During the development of the primary school, Kéré’s technical knowledge allowed him to value, adopt and adapt local construction techniques: the structure and the ceiling were made with hybrid clay-and-mud bricks to improve their structural performance. They are easy-to-produce cheap bricks and provide thermal protection against the hot climate. Kéré also knew that rain damages bricks, so he oversized the corrugated metal roof, mounting it above a metal frame so that the classrooms don’t absorb heat trapped by the roof. Of course, Diébédo, perfectly knowing his hometown community, had to convince the people that clay is actually a noble material and not just for the poorest. At the same time, he trained his neighbors instead of bringing skilled workers from other locations of Burkina Faso: he will not only lower costs but also give workers a key to a better working future.

That first project earned him the Aga Khan Award for Architecture in 2004 and the architectural principles applied in this specific intervention will be his hallmark in subsequent works in Burkina Faso, Mali, and Mozambique, such as the Centre for Earth Architecture, the Benga Riverside Residential Community, and the successive extensions of his debut building.

Nothing is Superfluous

In eminently rural contexts such as that of his native country, Kéré understands that his pieces also function as urban beacons that provide shelter, services, and tools to the surrounding community in natural environments where the boundaries between the built and the landscape are diluted. Progressively, Kéré’s technical solutions become more sophisticated as he refines the technique as an architect (and promoter). For example, in the design of the school library of Gando, he incorporates another undervalued material—eucalyptus—a wood then used as firewood since its roots dry out the soil and its shade is not very efficient; at the same time, he uses clay pots as skylight molds to ensure natural light and air circulation inside the library.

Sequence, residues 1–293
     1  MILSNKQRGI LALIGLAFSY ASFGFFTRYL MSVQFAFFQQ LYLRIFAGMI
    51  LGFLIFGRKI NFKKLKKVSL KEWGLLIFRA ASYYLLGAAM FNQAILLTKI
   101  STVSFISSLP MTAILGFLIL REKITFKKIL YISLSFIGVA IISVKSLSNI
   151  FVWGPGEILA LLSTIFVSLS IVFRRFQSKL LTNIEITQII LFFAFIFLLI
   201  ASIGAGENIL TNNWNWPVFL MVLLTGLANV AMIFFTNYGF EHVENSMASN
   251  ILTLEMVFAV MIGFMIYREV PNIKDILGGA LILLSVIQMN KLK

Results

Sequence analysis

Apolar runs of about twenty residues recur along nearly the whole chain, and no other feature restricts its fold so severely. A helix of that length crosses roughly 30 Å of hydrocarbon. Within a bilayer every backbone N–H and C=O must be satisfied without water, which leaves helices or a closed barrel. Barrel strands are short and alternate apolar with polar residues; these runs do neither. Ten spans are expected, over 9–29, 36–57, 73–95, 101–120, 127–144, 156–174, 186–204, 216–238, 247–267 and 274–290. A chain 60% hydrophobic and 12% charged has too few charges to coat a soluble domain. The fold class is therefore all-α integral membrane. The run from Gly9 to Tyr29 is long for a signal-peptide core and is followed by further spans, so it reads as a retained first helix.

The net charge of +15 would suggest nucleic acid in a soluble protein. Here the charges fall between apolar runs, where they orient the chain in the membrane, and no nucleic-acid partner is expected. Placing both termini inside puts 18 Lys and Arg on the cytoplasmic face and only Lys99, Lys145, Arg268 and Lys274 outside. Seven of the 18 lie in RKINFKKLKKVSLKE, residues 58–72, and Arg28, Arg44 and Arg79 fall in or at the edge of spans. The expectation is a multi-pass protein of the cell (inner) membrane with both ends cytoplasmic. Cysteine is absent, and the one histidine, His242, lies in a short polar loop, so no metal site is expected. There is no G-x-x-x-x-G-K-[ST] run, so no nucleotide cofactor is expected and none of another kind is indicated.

In Kéré’s works, nothing is superfluous, but that doesn’t mean that he rules out from the equation the good design that thrills us. He thus achieves a delicate balance between the reformulation of local techniques and outstanding design, avoiding the romanticization of precariousness. In fact, Kéré does not plan to institutionalize or export the aesthetics or construction techniques of his hometown but understands that these principles only work in the location to which they belong and that in their construction process he can transfer knowledge to workers and the society, without falling into the delusion that the architects should disappear to make way for a fully skilled community.

The leap to design in Europe came hand in hand with being invited to design pavilions such as the Vitra + Camper Store in Germany, the Courtyard Village in Italy, and, of course, the 2017 Serpentine Pavilion, the project that eventually allowed him to reach to a global audience.